.
???????????????????????????????
.
While Maki was here he helped me put together a plate Austin and I bought in Jerusalem 32 years ago, that has been broken several times.  It has nothing to do with the farm – but it seems to go with clay pots.
.
???????????????????????????????
.
This week one of the ladies had a big coconut frond and started removing the ribs with a sharp knife to use as a broom – the kind they call “sasa” in Fijian.   A good sasa has ribs from at least two big fronds.
.
???????????????????????????????
.
This is my old sasa.  It was bought from a roadside vendor.  Here the ribs are attached to a stick with a strip of rubber.  It cost  Fj $5.   When my friend finishes her sasa, she will either braid the top or will tie it together with a piece of raffia string.    Whether on a stick or just the ribs, a new sasa is prized because of the long, pliable ends that are good for reaching into corners.
.
???????????????????????????????
.
Vina decided to make a paal (pronounced with an AHHHH – written in Hindi as पाल ) – which is a mat made from feed bags.  As you can imagine, we have a LOT of feed bags after feeding all these chickens and ducks for months.  First, Vina got the bags together and washed them.  Then she started sewing them in pairs with raffia and a big needle.
.
??????????????????????
.
Here are the first dozen sacks.   When a paal is used for seating at a wedding or funeral or the like, it is used with the white side up.   When this one is finished this one will be 4 sacks wide and 6 sacks long.
.
???????????????????????????????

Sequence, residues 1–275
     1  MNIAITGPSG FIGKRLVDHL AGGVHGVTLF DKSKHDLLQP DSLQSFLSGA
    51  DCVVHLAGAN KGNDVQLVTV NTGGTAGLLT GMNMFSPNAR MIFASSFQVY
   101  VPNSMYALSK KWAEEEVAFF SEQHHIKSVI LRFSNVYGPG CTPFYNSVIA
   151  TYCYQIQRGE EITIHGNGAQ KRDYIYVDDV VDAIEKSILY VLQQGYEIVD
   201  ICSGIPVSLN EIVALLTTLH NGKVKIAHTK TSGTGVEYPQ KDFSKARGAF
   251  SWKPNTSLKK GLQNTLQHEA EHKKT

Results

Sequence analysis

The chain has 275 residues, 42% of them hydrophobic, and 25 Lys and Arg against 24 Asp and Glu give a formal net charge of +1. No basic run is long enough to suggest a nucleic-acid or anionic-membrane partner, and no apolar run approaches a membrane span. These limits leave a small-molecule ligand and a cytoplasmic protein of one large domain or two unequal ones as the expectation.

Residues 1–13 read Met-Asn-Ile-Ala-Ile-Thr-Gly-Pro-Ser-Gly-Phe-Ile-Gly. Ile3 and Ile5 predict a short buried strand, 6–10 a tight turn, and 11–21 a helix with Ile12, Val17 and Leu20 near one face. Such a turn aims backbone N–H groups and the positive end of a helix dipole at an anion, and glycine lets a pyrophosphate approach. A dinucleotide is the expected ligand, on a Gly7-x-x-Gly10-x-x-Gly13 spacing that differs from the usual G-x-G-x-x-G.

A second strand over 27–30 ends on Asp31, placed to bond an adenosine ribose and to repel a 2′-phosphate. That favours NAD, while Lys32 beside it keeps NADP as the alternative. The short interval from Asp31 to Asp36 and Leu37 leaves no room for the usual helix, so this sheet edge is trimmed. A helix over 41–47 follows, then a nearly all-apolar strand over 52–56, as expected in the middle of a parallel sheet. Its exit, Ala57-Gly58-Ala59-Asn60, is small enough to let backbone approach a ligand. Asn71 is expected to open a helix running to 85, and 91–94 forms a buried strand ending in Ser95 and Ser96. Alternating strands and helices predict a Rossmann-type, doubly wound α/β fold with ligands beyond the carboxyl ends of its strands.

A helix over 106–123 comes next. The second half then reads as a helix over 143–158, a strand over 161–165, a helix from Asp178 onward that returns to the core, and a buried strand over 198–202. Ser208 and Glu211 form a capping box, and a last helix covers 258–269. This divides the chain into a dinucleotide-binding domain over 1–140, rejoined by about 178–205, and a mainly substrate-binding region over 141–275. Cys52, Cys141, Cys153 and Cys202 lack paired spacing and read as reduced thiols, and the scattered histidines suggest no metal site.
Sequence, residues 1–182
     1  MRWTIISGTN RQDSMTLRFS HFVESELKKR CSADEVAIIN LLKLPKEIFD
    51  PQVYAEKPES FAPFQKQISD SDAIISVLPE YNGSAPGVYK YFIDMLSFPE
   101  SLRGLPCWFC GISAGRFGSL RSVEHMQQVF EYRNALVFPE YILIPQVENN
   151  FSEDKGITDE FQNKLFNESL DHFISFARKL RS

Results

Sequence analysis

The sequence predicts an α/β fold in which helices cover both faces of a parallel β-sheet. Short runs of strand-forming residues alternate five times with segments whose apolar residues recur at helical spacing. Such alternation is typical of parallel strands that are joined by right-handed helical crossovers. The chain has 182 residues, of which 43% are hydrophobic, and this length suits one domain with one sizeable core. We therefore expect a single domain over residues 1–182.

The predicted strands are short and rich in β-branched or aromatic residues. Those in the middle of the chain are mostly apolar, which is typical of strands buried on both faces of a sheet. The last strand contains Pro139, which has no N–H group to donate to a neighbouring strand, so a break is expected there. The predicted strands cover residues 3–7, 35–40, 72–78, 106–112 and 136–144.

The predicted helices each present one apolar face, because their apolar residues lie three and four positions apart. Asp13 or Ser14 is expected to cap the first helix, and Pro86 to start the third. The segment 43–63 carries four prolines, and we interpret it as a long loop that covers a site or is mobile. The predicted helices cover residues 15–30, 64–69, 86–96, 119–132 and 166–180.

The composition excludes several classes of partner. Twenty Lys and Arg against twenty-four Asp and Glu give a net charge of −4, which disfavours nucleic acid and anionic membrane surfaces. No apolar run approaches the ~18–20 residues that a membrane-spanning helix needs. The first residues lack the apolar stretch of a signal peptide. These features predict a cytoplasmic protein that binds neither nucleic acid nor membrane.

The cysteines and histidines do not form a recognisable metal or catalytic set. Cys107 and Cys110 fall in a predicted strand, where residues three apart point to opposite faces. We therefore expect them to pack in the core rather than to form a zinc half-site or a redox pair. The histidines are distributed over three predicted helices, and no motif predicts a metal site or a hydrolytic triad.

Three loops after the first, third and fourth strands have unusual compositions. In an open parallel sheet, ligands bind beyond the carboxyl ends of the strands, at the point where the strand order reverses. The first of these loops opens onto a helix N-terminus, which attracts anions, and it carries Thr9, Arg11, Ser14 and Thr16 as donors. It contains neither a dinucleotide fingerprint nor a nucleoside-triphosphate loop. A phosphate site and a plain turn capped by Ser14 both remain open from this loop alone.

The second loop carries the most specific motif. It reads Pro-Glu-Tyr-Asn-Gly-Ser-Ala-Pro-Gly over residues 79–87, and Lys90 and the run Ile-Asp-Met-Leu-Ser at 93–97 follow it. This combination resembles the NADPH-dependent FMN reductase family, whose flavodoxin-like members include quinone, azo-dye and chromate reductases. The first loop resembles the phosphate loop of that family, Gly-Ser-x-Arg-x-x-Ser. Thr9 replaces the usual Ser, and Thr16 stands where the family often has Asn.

.
Even though the paal isn’t finished yet, it is good for a nap.  Vina doesn’t nap.  Vina is sewing more feed bags together in the background.
.
???????????????????????????????
.
This also has nothing to do with the farm – but here is a quilt that I think my great grandmother Momo made.   It has to be at least 60 years old.   It is so beautiful.
.
???????????????????????????????
..
The colors are so perfect,  The hem is perfectly scalloped on three sides, and bound with yellow bias tape on all four.
.
But what totally blows my mind is the hand quilting in the white space that perfectly duplicates the outline of the flower applique.
.
??????????????????????
.
This beautiful heirloom is just not safe in the tropics.  As much as I love it, I am sending it with my sister-in-law back to the temperate zone.
.
And I will end this week with
A SOUTHERN HEMISPHERE CHRISTMAS REWRITE
(because I’ve heard enough of “Jingle Bells” on the radio already)
.
Coconut shells, coconut shells, barbeque to-day.
Oh what fun … a picnic is… on a sultry summer day – hey!
.
Coconut shells, coconut shells, barbeque to-day.
Oh what fun … a picnic is… on a sultry summer day.
 .
Driving to the beach …. planning how to play
Picking up the kids …. laughing all the way
.
Sand between our toes ….. salt water in our hair
Oh what fun the tropics are, with a lot of love to share.
 .
Coconut shells, coconut shells, barbeque to-day.
Oh what fun … a picnic is… on a sultry summer day.
.
Merry Christmas, Everybody.
.